These results further strengthen the hypothesis that progranulin is a leading pro-survival factor in bladder cancer and suggest that targeting progranulin together with cisplatin could enhance therapeutic efficacy of cisplatin-based therapy in invasive bladder tumors.
Progranulin expression in bladder cancer tissues
Next, we assessed progranulin expression in human bladder cancer and determined whether these changes could be a prognostic factor for tumor progression. We previously showed in a very limited number of urothelial carcinoma cases (n = 5) that progranulin levels were upregulated in invasive tumors . To expand these findings, we utilized a human bladder tumor microarray containing 69 validated cases, including various types and different stages of bladder cancers. In normal bladder, progranulin was barely detectable (Figure 9A, 9B). In contrast, all malignant bladder tumors exhibited a markedly-increased progranulin expression (***P < 0.001, Figure 9A, 9B). The only exception was mucinous carcinoma where progranulin expression was at levels comparable to normal tissue. Progranulin upregulation was not statistically different between T1 and T2-4 urothelial carcinoma tissues. Progranulin was also overexpressed in metastatic bladder tissues indicating that progranulin expression levels might be associated to bladder cancer metastasis (***P < 0.001, Figure 9A, 9B). In order to include in this analysis low grade superficial urothelial carcinomas, we tested progranulin expression levels in archived paraffin-embedded tissues derived from 4 non-invasive carcinoma in-situ (Tis), 4 non-invasive low grade papillary carcinomas (Ta), 4 non-invasive high grade papillary carcinomas (Ta) using as control normal and invasive high grade carcinoma tissues (n = 4). Progranulin expression levels were considerably up-regulated in non-invasive low grade papillary carcinomas (Ta) (***P < 0.001 compared to benign tissues, Figure 9C, 9D) and enhanced in both non-invasive high grade papillary carcinomas (Ta) and high grade carcinoma tissues (*P < 0.01 compared to benign tissues, Figure 9C, 9D). while in non-invasive carcinoma in-situ (Tis) progranulin expression was at levels comparable to benign tissues (Figure C, D).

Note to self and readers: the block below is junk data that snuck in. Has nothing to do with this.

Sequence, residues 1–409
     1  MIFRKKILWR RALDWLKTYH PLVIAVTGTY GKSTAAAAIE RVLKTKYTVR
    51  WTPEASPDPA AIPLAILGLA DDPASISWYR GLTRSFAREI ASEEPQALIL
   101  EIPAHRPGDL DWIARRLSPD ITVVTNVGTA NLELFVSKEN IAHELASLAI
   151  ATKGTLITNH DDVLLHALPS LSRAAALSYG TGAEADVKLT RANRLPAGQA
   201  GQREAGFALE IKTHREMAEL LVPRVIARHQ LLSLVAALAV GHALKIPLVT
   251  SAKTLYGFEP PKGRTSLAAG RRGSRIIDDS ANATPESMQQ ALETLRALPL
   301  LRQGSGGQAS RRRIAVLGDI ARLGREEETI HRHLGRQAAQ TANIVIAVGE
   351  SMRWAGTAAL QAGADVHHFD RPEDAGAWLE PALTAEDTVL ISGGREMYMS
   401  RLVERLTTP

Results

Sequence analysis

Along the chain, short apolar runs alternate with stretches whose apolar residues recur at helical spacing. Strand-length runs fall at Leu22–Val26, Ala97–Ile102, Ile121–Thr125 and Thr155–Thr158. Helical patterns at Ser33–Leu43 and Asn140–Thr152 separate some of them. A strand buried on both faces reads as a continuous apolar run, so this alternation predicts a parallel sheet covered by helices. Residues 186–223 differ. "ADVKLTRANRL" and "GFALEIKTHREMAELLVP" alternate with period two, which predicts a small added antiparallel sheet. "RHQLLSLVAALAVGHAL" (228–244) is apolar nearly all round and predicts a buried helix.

Figure 9: Progranulin is upregulated in bladder cancer tissues. (A) Human bladder tumor microarray containing 69 validated cases of various types and stages of bladder cancers and normal bladder tissue controls. The panels show light micrographs outlining the expression of progranulin in different tumors as indicated. Progranulin is expressed at high levels in all cancers analyzed compared to the normal bladder except for the mucinous carcinoma. The arrows show areas of high staining for progranulin in the epithelial compartments of all cancer studied. (B) Quantification of progranulin staining levels was assessed using ImageJ software. All cases in the tissue microarray were analyzed and quantified. Briefly, the threshold of each image was adjusted in order to show only the specific staining. The background was removed and the data were quantified and plotted using SigmaPlot software. Student’s t-tests were run to determine statistical significance of each class of cancers compared to normal bladder. *P < 0.05; ***P < 0.001. Bars = 100 μm. (C) Additional progranulin IHC on archived bladder cancer tissue samples, which include low and high grade superficial papillary tumors (Ta) and CIS (Ti). These results complement the TMA analysis with a broader spectrum of various urothelial carcinoma stages (D) Progranulin expression in archived tissue samples was analyzed and quantified as described above. *P < 0.05; ***P < 0.001.
Muscle-invasive bladder tumors are biologically heterogeneous with variable clinical progression and response to chemotherapy . Radical cystectomy with perioperative cisplatin-based chemotherapy is the standard of care for muscle-invasive bladder cancers  but no substantial advances in therapy have been made since the introduction of cisplatin-based regimens . Therefore, there is an urgent need to identify novel predictor of disease progression and novel therapeutic targets for invasive bladder cancer.